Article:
Completed in 2010, Knoxville Station Transit Center is the City of Knoxville's first LEED-certified (Leadership in Energy and Environmental Design) government building. It features:
Design features which take advantage of natural light
Geothermal heating and cooling
To learn more about Knoxville Station's environmental features, visit our display in the lobby area located at:
301 Church Avenue
Knoxville, TN 37915
Some history of our location
Knoxville Station sits within an area of Knoxville that experienced the redevelopment policies of the mid-20th century known as urban renewal. As described by the Knoxville News-Sentinel in a 2020 article, “the city, largely through eminent domain, systematically tore down entire blocks of homes, churches and businesses in Black neighborhoods in the 1950s through 1970s for projects like the Knoxville Civic Auditorium and Coliseum and construction of new routes like James White Parkway and Interstate 40, among others.” In December 2020, Knoxville City Council unanimously passed a resolution calling for making amends for decades of urban renewal which displaced and harmed the City’s Black communities. According to the Beck Cultural Exchange Center, urban renewal displaced more than 2,500 families, more than 70% of whom were Black.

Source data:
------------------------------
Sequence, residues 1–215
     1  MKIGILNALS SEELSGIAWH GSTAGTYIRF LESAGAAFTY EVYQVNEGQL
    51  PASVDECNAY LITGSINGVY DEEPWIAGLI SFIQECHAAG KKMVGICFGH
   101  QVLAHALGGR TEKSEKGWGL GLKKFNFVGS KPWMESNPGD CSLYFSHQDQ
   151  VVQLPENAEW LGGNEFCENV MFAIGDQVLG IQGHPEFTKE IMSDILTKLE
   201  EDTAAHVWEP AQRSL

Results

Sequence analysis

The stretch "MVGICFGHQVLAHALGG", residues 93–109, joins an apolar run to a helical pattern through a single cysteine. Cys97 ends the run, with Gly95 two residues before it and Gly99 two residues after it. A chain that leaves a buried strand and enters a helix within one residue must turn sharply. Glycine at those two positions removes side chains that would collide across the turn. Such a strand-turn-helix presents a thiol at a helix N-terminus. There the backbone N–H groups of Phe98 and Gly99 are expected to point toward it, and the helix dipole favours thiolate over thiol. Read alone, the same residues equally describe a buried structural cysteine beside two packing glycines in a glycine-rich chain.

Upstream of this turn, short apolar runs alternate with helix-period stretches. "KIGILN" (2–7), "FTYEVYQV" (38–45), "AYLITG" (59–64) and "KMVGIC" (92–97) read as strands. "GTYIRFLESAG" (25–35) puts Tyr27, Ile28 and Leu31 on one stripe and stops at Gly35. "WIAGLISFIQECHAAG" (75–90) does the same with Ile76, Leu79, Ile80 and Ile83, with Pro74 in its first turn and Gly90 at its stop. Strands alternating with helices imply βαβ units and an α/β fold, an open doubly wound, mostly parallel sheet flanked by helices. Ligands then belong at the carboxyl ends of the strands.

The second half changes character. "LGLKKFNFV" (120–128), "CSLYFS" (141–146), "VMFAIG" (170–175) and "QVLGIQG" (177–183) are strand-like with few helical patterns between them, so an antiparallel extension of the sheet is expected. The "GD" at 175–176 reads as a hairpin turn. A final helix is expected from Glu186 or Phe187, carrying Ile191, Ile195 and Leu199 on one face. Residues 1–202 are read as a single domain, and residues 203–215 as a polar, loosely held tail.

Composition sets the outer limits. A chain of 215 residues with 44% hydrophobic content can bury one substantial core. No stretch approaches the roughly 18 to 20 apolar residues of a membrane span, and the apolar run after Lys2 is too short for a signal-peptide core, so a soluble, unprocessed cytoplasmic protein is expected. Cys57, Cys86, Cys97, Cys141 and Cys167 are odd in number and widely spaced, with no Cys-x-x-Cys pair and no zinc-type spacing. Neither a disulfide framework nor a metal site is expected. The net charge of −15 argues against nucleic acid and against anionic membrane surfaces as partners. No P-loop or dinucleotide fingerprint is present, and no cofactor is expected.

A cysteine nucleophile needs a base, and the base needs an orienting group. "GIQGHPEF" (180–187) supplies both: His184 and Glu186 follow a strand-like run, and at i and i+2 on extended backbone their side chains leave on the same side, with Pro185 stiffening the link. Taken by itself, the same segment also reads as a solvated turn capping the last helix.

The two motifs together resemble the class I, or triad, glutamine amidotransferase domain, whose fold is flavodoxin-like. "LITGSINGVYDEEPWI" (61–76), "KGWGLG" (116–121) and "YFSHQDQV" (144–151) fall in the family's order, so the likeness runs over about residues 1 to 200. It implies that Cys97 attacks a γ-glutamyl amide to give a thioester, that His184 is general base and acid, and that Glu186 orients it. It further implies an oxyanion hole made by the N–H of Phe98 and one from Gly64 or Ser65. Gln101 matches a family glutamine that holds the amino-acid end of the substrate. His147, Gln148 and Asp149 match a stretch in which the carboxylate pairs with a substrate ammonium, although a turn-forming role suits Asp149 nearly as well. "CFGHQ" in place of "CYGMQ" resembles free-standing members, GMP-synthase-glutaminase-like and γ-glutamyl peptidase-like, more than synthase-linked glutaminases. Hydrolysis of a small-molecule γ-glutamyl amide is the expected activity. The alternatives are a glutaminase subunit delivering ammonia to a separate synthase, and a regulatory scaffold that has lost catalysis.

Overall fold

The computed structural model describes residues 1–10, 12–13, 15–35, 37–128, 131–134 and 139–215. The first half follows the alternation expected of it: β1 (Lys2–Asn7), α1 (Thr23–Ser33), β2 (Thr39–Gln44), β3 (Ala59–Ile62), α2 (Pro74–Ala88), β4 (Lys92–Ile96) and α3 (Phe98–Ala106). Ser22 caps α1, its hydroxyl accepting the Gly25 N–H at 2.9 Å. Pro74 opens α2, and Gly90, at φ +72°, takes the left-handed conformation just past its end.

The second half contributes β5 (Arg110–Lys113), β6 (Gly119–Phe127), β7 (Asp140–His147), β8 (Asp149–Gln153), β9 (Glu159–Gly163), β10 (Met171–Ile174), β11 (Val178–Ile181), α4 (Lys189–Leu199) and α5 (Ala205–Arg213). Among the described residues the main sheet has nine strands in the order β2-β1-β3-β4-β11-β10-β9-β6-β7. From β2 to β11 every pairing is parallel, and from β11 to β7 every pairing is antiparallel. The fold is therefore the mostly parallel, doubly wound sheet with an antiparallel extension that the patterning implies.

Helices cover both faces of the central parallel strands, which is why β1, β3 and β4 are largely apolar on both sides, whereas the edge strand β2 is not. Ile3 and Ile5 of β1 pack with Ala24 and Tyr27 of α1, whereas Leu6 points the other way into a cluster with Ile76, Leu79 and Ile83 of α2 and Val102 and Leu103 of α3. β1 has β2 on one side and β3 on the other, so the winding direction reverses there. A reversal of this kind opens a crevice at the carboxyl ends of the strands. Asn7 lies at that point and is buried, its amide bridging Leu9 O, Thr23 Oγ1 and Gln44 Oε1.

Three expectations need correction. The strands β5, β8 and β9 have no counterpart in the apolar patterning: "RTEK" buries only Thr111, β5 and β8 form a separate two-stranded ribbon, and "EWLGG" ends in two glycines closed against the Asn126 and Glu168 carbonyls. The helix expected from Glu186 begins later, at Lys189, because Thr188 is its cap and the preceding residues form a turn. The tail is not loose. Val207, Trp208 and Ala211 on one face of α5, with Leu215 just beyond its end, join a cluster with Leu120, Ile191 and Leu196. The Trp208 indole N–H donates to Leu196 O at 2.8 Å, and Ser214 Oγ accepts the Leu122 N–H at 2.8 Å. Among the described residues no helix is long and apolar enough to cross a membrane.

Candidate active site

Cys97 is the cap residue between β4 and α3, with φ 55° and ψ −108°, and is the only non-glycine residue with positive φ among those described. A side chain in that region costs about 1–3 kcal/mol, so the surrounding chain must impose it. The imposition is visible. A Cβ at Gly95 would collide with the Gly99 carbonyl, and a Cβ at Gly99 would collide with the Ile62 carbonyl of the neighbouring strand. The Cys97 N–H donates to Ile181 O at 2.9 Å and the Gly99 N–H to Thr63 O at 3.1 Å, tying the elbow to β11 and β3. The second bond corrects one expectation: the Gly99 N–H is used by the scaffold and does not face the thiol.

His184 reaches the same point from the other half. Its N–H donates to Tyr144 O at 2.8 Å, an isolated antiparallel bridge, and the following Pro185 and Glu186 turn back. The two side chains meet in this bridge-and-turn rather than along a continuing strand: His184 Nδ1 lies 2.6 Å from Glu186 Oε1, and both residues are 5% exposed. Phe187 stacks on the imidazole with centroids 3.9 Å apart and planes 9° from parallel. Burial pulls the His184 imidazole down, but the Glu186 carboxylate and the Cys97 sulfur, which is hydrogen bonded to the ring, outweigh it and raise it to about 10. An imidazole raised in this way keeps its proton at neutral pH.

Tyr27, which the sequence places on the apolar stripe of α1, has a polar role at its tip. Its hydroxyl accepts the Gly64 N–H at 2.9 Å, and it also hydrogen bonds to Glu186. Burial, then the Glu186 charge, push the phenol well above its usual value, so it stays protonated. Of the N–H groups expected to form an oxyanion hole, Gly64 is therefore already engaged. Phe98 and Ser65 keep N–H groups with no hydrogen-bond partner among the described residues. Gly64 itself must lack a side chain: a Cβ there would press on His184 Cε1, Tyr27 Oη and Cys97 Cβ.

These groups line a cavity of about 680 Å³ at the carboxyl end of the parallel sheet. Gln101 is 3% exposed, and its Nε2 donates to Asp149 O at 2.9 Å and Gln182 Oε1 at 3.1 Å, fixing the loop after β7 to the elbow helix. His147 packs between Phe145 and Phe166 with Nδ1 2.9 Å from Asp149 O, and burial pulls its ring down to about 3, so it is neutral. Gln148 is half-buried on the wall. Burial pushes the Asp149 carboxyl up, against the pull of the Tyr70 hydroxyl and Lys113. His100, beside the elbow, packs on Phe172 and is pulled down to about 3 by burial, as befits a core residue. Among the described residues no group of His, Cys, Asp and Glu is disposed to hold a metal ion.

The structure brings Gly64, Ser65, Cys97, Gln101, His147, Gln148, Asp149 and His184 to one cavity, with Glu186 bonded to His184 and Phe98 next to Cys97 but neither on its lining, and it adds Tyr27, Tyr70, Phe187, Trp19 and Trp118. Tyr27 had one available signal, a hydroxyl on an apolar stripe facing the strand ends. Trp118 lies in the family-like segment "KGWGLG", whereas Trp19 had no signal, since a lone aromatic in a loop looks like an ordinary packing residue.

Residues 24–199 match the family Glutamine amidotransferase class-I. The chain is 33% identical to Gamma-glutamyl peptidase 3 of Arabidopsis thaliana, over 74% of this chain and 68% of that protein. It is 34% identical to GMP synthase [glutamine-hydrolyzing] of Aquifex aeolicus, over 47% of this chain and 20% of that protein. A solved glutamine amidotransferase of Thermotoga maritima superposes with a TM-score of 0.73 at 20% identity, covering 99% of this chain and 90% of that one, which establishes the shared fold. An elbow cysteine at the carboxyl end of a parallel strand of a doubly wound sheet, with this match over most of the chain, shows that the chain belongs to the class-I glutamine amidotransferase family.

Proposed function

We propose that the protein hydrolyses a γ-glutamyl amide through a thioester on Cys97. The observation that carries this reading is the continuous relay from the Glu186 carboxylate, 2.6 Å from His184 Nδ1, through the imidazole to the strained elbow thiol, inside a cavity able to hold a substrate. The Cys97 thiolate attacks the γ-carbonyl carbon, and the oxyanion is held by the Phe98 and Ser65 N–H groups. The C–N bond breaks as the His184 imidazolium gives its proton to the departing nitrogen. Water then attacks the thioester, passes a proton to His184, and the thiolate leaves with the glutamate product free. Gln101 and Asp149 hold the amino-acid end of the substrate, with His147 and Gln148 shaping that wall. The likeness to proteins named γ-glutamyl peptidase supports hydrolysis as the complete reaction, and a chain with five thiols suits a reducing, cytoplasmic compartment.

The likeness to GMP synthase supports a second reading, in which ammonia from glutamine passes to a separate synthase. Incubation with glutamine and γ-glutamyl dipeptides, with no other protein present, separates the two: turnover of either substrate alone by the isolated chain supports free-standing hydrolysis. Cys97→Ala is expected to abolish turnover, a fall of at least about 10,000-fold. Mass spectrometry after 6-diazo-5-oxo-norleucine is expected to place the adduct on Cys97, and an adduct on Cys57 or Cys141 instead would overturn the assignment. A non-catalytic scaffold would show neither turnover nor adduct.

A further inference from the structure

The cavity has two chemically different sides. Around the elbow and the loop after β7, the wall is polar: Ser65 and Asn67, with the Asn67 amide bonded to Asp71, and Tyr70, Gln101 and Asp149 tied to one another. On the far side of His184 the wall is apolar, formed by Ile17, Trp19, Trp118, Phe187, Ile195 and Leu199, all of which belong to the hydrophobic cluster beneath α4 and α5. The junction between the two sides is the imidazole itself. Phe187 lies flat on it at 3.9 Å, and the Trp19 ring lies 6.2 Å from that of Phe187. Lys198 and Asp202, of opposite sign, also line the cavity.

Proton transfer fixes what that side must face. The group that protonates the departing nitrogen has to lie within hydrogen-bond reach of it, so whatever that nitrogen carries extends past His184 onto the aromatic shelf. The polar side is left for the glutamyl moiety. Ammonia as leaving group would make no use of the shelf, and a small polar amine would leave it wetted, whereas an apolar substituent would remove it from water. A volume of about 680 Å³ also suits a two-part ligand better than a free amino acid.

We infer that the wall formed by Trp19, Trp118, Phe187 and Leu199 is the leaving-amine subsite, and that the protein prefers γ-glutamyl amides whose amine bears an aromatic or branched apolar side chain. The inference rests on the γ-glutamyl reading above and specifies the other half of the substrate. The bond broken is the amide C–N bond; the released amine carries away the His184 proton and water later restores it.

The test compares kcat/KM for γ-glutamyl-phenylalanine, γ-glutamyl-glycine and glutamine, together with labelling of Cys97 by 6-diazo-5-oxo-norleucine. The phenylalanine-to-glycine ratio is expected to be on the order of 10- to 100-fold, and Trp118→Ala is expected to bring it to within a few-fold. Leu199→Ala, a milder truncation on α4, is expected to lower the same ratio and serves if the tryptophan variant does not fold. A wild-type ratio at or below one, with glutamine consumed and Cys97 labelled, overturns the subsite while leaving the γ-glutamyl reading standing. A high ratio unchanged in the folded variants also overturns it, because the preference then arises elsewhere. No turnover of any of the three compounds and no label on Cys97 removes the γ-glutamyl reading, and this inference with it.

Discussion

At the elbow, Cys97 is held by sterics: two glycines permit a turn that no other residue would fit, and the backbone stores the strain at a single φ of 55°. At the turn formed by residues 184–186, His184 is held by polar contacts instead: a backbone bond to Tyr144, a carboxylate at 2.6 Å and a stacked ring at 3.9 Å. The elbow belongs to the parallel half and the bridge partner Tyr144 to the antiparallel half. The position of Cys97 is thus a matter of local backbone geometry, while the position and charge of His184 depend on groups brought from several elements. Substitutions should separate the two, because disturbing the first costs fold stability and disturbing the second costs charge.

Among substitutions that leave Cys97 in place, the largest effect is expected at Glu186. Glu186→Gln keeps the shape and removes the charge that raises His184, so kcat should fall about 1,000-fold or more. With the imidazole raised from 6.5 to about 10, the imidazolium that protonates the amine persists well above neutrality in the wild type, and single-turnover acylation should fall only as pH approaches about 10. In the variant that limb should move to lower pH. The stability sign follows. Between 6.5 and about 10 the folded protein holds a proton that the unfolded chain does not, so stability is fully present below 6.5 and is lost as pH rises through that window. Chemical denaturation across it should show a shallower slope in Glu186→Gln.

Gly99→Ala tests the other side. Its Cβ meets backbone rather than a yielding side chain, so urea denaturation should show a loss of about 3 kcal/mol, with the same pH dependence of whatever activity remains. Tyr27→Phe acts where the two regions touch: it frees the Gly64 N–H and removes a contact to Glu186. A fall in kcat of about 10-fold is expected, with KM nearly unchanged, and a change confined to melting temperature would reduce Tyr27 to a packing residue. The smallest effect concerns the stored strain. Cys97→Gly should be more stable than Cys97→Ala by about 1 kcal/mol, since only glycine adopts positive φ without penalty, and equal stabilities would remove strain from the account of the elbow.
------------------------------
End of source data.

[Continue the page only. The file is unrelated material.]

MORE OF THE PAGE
During the construction of Knoxville Station, an extensive archeological survey revealed much about the neighborhood that existed in this space before urban renewal. Our lobby features a detailed exhibit showing the homes that existed prior to this project, along with artifacts excavated on the building site. Below are are details from the exhibit.